Look at all the places where they couch business-type terms like 'market' or 'revenue' or 'investment' in this NYTimes article about higher education .... no need to mention that Universities are first and foremost a BUSINESS enterprise ...
You would expect most Universities to be very concerned about costs, revenues and balancing their books ... but the higher, elite institutions ? where they have very deep pockets due to very large endowments endowments and active fund-raising ?
This was a very telling and I would imagine embarrassing quote , in hindsight, for the guy from the California system:
“And because M.B.A.’s can offer tremendous salary boosts down the road, we can charge higher tuitions to students.”
I've heard this is now the case for certain majors at some colleges at the undergrad level ... because the students earn more upon graduation , they are now charging them more for their education .... if this trend holds and becomes a standard then colleges will be a vastly different place in a few short years ... a much more explicit multi-tiered social environment than now ...
Pre-med and pre-law will pay significantly extra for their tuition .... along with some science and engineering majors ... you would think that liberal arts students tuition would then decrease, but nothing ever goes down in price .... the increases may just be proportionally smaller ...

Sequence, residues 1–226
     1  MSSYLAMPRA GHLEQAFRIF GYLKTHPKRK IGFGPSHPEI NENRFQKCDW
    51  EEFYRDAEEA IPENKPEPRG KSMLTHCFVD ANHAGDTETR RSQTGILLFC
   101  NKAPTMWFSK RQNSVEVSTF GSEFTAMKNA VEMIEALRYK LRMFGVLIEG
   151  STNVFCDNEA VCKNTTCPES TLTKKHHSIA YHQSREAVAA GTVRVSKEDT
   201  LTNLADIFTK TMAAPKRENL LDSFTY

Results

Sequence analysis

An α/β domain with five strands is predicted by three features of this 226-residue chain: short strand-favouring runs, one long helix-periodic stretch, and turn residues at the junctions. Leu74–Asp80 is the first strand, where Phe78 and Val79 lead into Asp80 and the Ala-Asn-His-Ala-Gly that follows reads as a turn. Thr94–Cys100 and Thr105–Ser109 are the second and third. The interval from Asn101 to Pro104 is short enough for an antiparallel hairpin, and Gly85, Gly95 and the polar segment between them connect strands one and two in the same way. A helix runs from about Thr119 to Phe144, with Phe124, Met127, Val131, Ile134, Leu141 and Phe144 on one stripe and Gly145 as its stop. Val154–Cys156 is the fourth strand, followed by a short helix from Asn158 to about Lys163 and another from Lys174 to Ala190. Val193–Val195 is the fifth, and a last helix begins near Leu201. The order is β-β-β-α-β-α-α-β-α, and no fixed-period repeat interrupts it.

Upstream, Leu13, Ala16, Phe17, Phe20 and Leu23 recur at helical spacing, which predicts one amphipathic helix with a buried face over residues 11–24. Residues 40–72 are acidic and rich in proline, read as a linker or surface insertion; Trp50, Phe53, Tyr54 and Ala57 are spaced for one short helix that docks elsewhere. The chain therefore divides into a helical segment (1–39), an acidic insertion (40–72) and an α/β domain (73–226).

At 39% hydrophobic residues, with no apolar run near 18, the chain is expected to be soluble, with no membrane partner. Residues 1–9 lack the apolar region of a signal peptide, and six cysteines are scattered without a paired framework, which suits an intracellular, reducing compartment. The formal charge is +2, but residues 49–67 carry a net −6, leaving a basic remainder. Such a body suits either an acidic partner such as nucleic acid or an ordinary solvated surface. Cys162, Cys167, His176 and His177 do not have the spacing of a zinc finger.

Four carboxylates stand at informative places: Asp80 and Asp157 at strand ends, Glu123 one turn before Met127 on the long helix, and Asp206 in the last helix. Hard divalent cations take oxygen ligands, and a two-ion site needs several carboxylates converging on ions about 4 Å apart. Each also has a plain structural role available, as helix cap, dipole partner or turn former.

September 12, 2007
Master’s Degrees Abound as Universities and Students See a Windfall
By HANNAH FAIRFIELD
The number of students in the University of Chicago program that bestows a Master of Arts degree in social sciences has quadrupled since 1989, jumping to 160 from 40, and despite a tuition price tag of $37,000, every year more students clamor for admittance.
“It’s an expensive degree, but students have calculated how fast they get their investment back,” said John J. MacAloon, an associate dean at the University of Chicago and director of the program. “And it is beneficial for the university because there is a lot of tuition income to be had.”
More students than ever have started master’s programs this fall, and universities are seeing those programs as potentially lucrative sources of revenue. The number of students earning these degrees around the country has nearly doubled since 1980. Since 1970, the growth is 150 percent, more than twice as fast as bachelor and doctorate programs.